Alberni’s first policeman grew up at Cape Beal

Gus Cox was appointed a regular constable in Alberni in 1892 after spending some time doing special police work.

Gus Cox

Gus Cox

Charles Augustus (Gus) Cox grew up at the Cape Beale Lighthouse with three sisters and a younger brother, the children of lightkeeper Emanuel John Cox and Mary Frances Shortt. While all the Coxs were distinguished in some way throughout their lives, Gus Cox made his mark as the first policeman hired in the Alberni Valley.

Cox was born in Curragh County Cork, Ireland, in April 1867 and arrived with his family in Victoria in 1871. The family moved to the Alberni Valley in 1874, and in 1878 they moved to the lighthouse.

Cox was appointed a regular constable in 1892 after spending some time doing special police work. In 1904 he was appointed chief constable for the west coast.

Most of the charges Cox dealt with as a provincial police officer were connected with liquor, although on May 5, 1912 he became involved in the highway post controversy. A post was erected in Alberni proclaiming it the western terminus of Canada. A trio of Port Alberni men, annoyed at the snub that community received, stole the post. Cox was forced to serve the mayor of Port Alberni, Alex Waterhouse, with a summons over the debacle.

The post was returned via livery the next day.

Although Cox retired as a police officer in 1912, it wasn’t the end of his working years. He became the Indian Agent for the west coast, covering the Alberni Valley as well as the coast from Clo-oose to Kyuquot.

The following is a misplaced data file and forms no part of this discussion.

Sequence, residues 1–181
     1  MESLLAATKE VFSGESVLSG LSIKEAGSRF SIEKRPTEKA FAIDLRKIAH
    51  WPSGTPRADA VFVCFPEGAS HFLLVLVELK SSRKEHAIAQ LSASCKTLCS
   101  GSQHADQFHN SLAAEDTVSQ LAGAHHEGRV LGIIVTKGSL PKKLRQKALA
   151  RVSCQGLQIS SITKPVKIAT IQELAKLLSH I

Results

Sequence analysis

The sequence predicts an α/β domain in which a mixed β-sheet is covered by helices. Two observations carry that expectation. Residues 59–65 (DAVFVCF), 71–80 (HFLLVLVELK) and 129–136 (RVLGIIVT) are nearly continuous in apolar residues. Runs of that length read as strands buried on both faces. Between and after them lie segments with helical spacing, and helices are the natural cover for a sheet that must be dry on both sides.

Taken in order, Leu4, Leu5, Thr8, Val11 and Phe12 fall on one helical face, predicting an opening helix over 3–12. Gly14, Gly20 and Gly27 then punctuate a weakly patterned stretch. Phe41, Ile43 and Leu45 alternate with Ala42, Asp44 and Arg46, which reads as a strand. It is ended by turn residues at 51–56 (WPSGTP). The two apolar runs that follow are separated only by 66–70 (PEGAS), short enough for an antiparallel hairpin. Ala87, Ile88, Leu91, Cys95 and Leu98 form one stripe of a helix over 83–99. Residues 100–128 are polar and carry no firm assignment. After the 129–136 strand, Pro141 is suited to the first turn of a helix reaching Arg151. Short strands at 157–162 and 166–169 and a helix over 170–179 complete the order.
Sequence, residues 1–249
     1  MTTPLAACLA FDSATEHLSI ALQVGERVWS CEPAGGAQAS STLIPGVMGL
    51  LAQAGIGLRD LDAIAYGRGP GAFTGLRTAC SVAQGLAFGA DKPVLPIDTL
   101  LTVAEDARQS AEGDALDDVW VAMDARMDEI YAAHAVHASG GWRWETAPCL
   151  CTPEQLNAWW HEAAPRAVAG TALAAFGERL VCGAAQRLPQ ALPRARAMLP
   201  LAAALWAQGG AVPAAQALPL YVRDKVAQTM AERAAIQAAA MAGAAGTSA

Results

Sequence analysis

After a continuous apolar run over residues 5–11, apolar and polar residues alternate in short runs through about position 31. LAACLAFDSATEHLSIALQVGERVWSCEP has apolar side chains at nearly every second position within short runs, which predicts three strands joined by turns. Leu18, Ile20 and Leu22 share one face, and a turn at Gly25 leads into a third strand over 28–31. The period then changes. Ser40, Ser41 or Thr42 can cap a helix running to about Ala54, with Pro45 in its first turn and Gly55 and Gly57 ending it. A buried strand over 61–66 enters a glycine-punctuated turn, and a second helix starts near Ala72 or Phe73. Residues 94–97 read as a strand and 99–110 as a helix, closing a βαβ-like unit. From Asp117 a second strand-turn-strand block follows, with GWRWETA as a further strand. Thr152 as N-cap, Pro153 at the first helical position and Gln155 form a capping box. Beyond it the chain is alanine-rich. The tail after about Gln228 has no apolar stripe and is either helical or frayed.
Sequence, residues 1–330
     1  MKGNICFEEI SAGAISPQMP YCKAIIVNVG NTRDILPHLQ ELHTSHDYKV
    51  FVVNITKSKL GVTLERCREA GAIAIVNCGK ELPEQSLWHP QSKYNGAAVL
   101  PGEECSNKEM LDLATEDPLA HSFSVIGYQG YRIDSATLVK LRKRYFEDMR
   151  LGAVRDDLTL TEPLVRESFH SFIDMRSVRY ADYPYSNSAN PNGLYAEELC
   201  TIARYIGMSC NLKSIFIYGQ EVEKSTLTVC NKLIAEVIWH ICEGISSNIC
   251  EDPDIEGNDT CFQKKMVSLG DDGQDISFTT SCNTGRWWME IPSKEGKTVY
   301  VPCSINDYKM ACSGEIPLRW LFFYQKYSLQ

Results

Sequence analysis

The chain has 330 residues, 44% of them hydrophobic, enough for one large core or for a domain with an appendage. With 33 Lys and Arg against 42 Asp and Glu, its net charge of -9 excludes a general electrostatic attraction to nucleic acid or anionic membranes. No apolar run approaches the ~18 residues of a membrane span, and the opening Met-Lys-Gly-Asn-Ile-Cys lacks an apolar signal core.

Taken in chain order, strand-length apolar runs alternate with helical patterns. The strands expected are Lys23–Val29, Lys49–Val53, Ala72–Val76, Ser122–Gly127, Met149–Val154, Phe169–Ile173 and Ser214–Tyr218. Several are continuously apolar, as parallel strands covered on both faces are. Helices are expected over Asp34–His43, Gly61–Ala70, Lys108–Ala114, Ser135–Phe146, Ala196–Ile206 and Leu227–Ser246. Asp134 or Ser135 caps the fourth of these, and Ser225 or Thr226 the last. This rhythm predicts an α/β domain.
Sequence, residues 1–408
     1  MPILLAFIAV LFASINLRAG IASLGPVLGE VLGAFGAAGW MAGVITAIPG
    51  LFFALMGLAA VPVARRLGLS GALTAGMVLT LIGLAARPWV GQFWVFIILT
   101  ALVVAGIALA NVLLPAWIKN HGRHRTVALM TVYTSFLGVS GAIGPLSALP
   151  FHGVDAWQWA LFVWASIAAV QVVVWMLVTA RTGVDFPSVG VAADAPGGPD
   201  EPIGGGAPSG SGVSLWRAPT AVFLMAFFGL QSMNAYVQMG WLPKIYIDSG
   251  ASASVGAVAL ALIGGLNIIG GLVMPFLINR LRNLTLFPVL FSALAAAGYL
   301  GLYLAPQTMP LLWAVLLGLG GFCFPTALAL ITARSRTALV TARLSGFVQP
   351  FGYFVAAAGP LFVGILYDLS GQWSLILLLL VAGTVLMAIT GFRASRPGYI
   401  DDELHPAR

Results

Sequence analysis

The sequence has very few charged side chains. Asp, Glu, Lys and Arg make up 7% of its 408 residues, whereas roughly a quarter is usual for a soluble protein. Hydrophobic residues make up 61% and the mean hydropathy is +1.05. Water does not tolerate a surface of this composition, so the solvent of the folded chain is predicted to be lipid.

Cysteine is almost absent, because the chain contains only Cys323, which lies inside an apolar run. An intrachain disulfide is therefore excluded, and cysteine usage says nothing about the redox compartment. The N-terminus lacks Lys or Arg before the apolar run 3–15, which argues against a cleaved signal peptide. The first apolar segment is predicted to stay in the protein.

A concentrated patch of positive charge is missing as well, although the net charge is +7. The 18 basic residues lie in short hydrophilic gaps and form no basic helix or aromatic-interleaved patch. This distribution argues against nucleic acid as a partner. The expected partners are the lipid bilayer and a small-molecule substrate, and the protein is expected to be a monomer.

Growing up on the West Coast and living near the Ohiaht, Cox learned the native language and had a good understanding of the different way of life Aboriginal People lived. It served him well after he was named Indian Agent, according to an Oct. 2, 1947 article in the West Coast Advocate.

He was commended for representing claims of the West Coast Indians before the Sealing Commission in Victoria in 1913. Cox served as Stipendiary Magistrate from 1915, and retired from his office as Indian Agent in 1923.

A lifelong Conservative and Presbyterian, Cox died in mid-January, 1938. The West Coast Advocate noted in his obituary that at the time of his death, Cox was the oldest white resident of the Alberni District “with one exception” (which was not noted).

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Cox Road, which runs from Ian Avenue to Tebo Avenue, is named for Gus Cox, in honour of his work as a police constable. Cox Lake, located beside Franklin River Road was named for the Emanuel Cox family. Although he is perhaps best known for being a lightkeeper at the Cape Beale Lighthouse, Emanuel was the first owner of the property on which the lake is located.

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While researching Gus Cox’s exploits as a police constable at the archives, a volunteer pointed out there was another notable Cox who left his mark on Port Alberni in 1912.

Fred Cox and his wife moved to the Alberni Valley in 1912 and operated a dry goods store on Third Avenue until 1928. He eventually retired and moved to Sproat Lake in 1946.

The Fred Coxs eventually returned to Alberni, buying a house on Josephine Street.

 

Susan Quinn is the editor of the Alberni Valley News. Her centennial column will run weekly throughout 2012.

editor@albernivalleynews.com